Throughout the years, it’s been hard to come by a drummer that hasn’t held Steve Jordan as one of their primary influences, or a producer, musician, bandleader that doesn’t trace back the type of groove that they want to a “Jordan” type of backbeat or feel.
It’s understandable though, as the award-winning drummer, producer, and songwriter has collaborated and worked with most of the icons and legends of the industry, such as Neil Young, The Blues Brothers, James Brown, Keith Richards, Herbie Hancock, Billy Joel, John Mayer, Eric Clapton, among many many others. Steve is a titan of the industry on its own and a reference for musicality, versatility, and musical identity.
As so, in this short article, I’ll be listing my top five albums or performances in which Steve Jordan has played, that have inspired me as a performer and composer, and have shown me why Jordan is still considered one of the living legends of drumming, and one of the greatest musicians on the American scene.
Table of Contents
5. Continuum (2006) – John Mayer
The third studio album by the American singer-songwriter John Mayer was the first album in which I heard Jordan’s drumming and was the album that led me to listen to more funk and blues albums after it.
After some years, I discovered that Jordan played drums and percussion and was also the main producer of the album, helping with the composition and songwriting process. The album won the 49th annual Grammy awards for Best Pop Vocal Album and Best Male Pop Vocal Performance for “Waiting on the World to Change” and nominating it for the “Album of the Year” category.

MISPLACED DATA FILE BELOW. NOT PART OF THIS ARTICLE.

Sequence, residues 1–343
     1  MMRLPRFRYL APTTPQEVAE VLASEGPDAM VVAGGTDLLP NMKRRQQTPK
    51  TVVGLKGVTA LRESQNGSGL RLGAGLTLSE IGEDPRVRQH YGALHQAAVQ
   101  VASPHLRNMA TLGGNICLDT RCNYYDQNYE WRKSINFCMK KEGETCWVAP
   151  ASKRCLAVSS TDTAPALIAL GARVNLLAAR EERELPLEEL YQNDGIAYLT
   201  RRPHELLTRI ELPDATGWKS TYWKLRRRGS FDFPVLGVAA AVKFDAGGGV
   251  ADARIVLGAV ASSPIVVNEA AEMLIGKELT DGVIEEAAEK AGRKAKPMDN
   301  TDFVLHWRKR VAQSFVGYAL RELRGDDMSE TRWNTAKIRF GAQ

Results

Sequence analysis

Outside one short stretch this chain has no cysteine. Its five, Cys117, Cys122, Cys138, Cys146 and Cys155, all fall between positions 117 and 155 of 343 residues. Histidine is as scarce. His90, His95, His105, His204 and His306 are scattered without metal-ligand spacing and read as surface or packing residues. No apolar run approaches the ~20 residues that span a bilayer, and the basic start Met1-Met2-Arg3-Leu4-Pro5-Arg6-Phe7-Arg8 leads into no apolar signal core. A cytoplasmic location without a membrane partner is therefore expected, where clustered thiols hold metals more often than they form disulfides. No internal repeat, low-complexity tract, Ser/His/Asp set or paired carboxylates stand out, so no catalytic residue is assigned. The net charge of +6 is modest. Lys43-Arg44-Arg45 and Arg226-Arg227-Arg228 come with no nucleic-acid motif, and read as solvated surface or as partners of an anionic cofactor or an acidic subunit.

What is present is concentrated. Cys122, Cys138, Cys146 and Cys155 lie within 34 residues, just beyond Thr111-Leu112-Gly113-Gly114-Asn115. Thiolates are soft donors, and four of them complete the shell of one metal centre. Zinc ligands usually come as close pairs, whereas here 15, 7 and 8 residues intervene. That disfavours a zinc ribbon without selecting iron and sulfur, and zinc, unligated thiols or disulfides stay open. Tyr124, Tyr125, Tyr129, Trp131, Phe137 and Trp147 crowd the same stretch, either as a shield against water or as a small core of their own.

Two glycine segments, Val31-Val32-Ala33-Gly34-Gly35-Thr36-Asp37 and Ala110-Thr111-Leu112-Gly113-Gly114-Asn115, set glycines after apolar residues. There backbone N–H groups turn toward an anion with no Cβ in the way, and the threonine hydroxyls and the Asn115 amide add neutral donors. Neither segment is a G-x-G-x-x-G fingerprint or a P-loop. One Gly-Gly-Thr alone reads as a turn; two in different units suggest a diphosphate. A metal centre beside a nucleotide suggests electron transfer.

In it, Jordan’s presence shines in tracks such as the mentioned “Waiting on the World to Change” in which the driving groove gives a spotlight to Jordan’s way of sitting behind the beat, syncopating the bass drum just before the snare hits to give a sense of “bounce” and movement to the beat, grounding and giving space to the tune, while moving it forward.
Other tunes, such as “Gravity” and “I’m Going to Find Another You,” show Steve’s blues background. His drumming humbly paves the way for the predominant characters of the compositions. The vocals, guitar solos, and horn sections ground the beat with a minimal approach, and very few (if there are any) fills, giving the utmost importance to the pulse movement through constant and straight hi-hat and ride strokes.
Lastly, songs such as “Vultures” and “I Don’t Trust Myself in Loving You” really paint an accurate picture of what people mean by that “Steve Jordan feel:” big hi-hats, “phat” snares, and big bass drums, that move and support the songs, giving a massive sound to the overall feel of the track.
4. Briefcase Full of Blues (1978) – The Blues Brothers
Though an album that listeners usually overlooked when getting into Jordan’s career, the Blues Brothers’ debut album “Briefcase Full of Blues,” which ended up being number 1 in the Billboard 200 and a critically acclaimed album at the time, covering a range of blues and soul songs from the ’50s and ’70s shines a light on Steve’s blues background.
It’s a specially good album to listen to Jordan’s drumming if you want to hear how masterfully he executes the blues shuffle. Tracks like “Hey Bartender” and “I Don’t Know” show a clear example of the importance of providing a steady flow behind the kit, providing enough space for the blues to be heard.
Another notable track on the album is “Messin’ With the Kid,” a soul track that gets this James Brown attitude filled with ghost notes and syncopated hi-hat accents that highlight Jordan’s technical side to which his playing is not usually related but is present.
3. Live in Sand Diego (2016) – Eric Clapton
The thirteenth live album of Eric Clapton shined a light on how much Jordan’s energy can lift a stadium with its groove—recorded at the Ipayone Center in San Diego.